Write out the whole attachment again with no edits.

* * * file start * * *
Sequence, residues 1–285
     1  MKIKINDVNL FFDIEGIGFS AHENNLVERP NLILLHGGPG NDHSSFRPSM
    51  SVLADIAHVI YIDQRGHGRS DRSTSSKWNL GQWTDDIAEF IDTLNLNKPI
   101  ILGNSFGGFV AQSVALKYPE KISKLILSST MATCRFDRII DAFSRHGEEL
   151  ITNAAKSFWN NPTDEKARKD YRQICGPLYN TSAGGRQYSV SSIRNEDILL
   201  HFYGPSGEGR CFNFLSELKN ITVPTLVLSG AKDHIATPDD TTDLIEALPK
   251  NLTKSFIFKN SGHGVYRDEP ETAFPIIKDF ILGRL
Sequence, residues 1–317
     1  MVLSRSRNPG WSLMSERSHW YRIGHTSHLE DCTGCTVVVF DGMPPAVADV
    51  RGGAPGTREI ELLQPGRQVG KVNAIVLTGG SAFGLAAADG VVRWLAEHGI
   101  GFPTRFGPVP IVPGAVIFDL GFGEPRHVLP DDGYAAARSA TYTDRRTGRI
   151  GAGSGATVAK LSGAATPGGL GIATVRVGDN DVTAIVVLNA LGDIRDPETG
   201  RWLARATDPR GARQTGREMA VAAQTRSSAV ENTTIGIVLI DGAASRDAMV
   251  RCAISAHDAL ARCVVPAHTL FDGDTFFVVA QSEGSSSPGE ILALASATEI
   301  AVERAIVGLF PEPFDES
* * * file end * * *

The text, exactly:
Sequence, residues 1–285
     1  MKIKINDVNL FFDIEGIGFS AHENNLVERP NLILLHGGPG NDHSSFRPSM
    51  SVLADIAHVI YIDQRGHGRS DRSTSSKWNL GQWTDDIAEF IDTLNLNKPI
   101  ILGNSFGGFV AQSVALKYPE KISKLILSST MATCRFDRII DAFSRHGEEL
   151  ITNAAKSFWN NPTDEKARKD YRQICGPLYN TSAGGRQYSV SSIRNEDILL
   201  HFYGPSGEGR CFNFLSELKN ITVPTLVLSG AKDHIATPDD TTDLIEALPK
   251  NLTKSFIFKN SGHGVYRDEP ETAFPIIKDF ILGRL
Sequence, residues 1–317
     1  MVLSRSRNPG WSLMSERSHW YRIGHTSHLE DCTGCTVVVF DGMPPAVADV
    51  RGGAPGTREI ELLQPGRQVG KVNAIVLTGG SAFGLAAADG VVRWLAEHGI
   101  GFPTRFGPVP IVPGAVIFDL GFGEPRHVLP DDGYAAARSA TYTDRRTGRI
   151  GAGSGATVAK LSGAATPGGL GIATVRVGDN DVTAIVVLNA LGDIRDPETG
   201  RWLARATDPR GARQTGREMA VAAQTRSSAV ENTTIGIVLI DGAASRDAMV
   251  RCAISAHDAL ARCVVPAHTL FDGDTFFVVA QSEGSSSPGE ILALASATEI
   301  AVERAIVGLF PEPFDES